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Making Fondant

LDS Living Staff - August 07, 2010

Photo by Giani Pralea/sxc.hu.

We say "fondant," you say "eww."

Despite its versatility in cake making, fondant has gotten a bad wrap (no pun intended). But that's mainly because people have only tasted commercially-made fondant, which can have a chemical aftertaste. Homemade fondant can be good, even if it is sweet. Knowing how to make and use fondant is a skill to have all year round, but it can be especially helpful in the summer months when birthdays and parties are frequent. Here's an easy, common marshmallow fondant recipe along with troubleshooting tips.


Marshmallow Fondant (makes 2-1/4 pounds of fondant)

  • 1 (16-ounce) package good quality mini marshmallows
  • 4 tablespoons water
  • 1 teaspoon vanilla
  • Food coloring (optional)
  • 2 pounds confectioner's sugar, divided
  • 4 tablespoons butter or shortening
1. Place marshmallows in large, microwave-safe bowl and heat on high until marshmallows melt (30 second to 1 minute). Add water and vanilla and mix until smooth. Add food coloring if desired. Slowly beat in sugar, one cup at a time, until mixture is too stiff to mix. (You will have about 1 cup of remaining sugar.)

2. Grease hands and kneading surface thoroughly and knead in remaining sugar. Add sugar to dough and surface as needed to prevent sticking. Knead until no longer sticky to the touch.

3. Form into ball and grease with shortening or butter. Cover in plastic wrap and place in airtight container or zip bag, refrigerating dough overnight. To use, bring dough to room temperature and roll on surface covered with powdered sugar.

Handling and Troubleshooting Fondant:

  • Kneading: Grease your hands and kneading surface with shortening or butter beforehand; this will help to avoid making the dough (and your hands) sticky from moisture. Add powdered sugar as needed to make the fondant feel doughy. If it feels sticky, add more sugar.
  • Avoiding sticky fondant: Use plenty of powdered sugar when rolling out the fondant—it acts like flour does with bread dough, preventing the fondant from sticking to the surface. Don't worry if you can still see spots of powdered sugar after it's rolled out. Such spots will disappear as you smooth the fondant over the cake. You can also spritz it with water (one it's on the cake) for a shiny finish.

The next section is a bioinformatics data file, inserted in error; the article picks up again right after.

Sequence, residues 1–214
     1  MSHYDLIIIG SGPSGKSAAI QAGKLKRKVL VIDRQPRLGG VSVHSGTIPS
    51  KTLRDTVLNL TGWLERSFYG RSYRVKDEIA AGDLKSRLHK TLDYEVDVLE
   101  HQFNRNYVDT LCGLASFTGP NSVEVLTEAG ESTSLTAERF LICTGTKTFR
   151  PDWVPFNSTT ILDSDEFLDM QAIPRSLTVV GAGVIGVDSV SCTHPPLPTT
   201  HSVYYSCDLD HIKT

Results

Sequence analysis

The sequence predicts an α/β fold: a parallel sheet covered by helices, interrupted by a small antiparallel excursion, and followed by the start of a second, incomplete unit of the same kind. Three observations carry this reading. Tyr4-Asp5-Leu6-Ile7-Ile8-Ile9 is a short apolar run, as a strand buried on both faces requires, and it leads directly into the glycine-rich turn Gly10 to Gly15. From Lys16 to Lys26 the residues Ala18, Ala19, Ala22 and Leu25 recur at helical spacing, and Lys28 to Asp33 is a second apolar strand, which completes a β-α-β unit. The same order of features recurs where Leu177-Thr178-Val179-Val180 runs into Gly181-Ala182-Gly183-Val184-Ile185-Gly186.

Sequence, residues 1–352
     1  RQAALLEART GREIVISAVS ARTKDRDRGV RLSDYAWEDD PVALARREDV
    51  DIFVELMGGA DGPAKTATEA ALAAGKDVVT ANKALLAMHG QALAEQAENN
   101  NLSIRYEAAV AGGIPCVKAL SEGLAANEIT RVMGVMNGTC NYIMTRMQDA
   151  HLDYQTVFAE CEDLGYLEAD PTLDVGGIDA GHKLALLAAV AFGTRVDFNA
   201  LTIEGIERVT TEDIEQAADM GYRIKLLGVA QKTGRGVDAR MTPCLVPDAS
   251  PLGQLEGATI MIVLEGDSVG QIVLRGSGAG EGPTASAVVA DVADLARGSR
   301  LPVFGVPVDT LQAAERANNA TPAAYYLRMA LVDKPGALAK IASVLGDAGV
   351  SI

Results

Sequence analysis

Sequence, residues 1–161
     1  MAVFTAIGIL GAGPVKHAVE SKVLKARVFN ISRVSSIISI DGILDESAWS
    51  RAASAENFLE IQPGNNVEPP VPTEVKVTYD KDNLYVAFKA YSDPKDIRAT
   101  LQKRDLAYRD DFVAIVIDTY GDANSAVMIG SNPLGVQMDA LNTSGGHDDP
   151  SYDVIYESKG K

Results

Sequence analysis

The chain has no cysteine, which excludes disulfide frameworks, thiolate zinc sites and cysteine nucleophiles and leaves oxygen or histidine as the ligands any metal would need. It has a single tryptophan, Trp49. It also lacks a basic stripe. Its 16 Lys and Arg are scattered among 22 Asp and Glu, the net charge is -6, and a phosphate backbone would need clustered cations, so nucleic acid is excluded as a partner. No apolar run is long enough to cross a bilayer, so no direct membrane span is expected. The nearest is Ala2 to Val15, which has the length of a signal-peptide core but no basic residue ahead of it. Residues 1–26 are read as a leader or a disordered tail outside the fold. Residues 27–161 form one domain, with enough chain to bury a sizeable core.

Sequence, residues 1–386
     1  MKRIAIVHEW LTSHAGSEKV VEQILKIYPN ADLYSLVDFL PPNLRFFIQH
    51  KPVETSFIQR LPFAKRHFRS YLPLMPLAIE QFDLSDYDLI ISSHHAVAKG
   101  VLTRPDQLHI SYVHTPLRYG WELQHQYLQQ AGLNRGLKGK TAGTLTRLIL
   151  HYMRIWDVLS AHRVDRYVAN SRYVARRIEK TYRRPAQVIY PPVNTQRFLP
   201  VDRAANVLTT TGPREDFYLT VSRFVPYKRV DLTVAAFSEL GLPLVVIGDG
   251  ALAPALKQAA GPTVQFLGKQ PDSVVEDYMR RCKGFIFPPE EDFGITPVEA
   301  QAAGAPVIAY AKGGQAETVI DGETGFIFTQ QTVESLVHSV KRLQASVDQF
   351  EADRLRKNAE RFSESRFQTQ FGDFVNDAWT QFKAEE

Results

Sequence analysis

• Adding color: The traditional method is to knead color into the fondant. Do this by getting your gel on a knife and sticking it well into the fondant (so it doesn't get all over your hands quite as easily). Remember to use powdered sugar as you knead. Knead until color is even. However - unless you want a marbled look, multiple colors, or really strong hands - you can also stir in coloring to the marshmallow mixture before adding sugar.
  • Rolling: Roll fondant on wax paper or rolling surface (fondant rolling boards are especially helpful) to 1/4" thick. Use the following guide for sizing fondant: roll it into the shape you need (circle or rectangle), accounting for the size of the top plus 1 inch just in case, and 3 inches for each of the sides. Ex: 8" round: 8" (top) + 1" + 3" (first side when looking at cake from eye level) + 3" (second side) = 15" round.
  • When it sticks: Don't panic. Use a knife or flat spatula to carefully pry it up. Depending on how big the hole is, you can repair it with a few gentle rolls with the rolling pin. But you may simply need to wad it up, add a little water, and start over again.
  • Putting it on the cake: Frost your cake with at least 1/4" traditional frosting first, making sure it is smooth (any bumps will come through the fondant). Lay the fondant over the top, letting it drape on the sides. Start by smoothing the top of the cake, then carefully move down the sides, smoothing bumps and creases as you go. Cut the excess, leaving enough to create a seal between the fondant and the cake plate. For cakes with multiple layer sizes, do each layer separately and carefully assemble after fondant covering is complete.

© LDS Living, August 2010.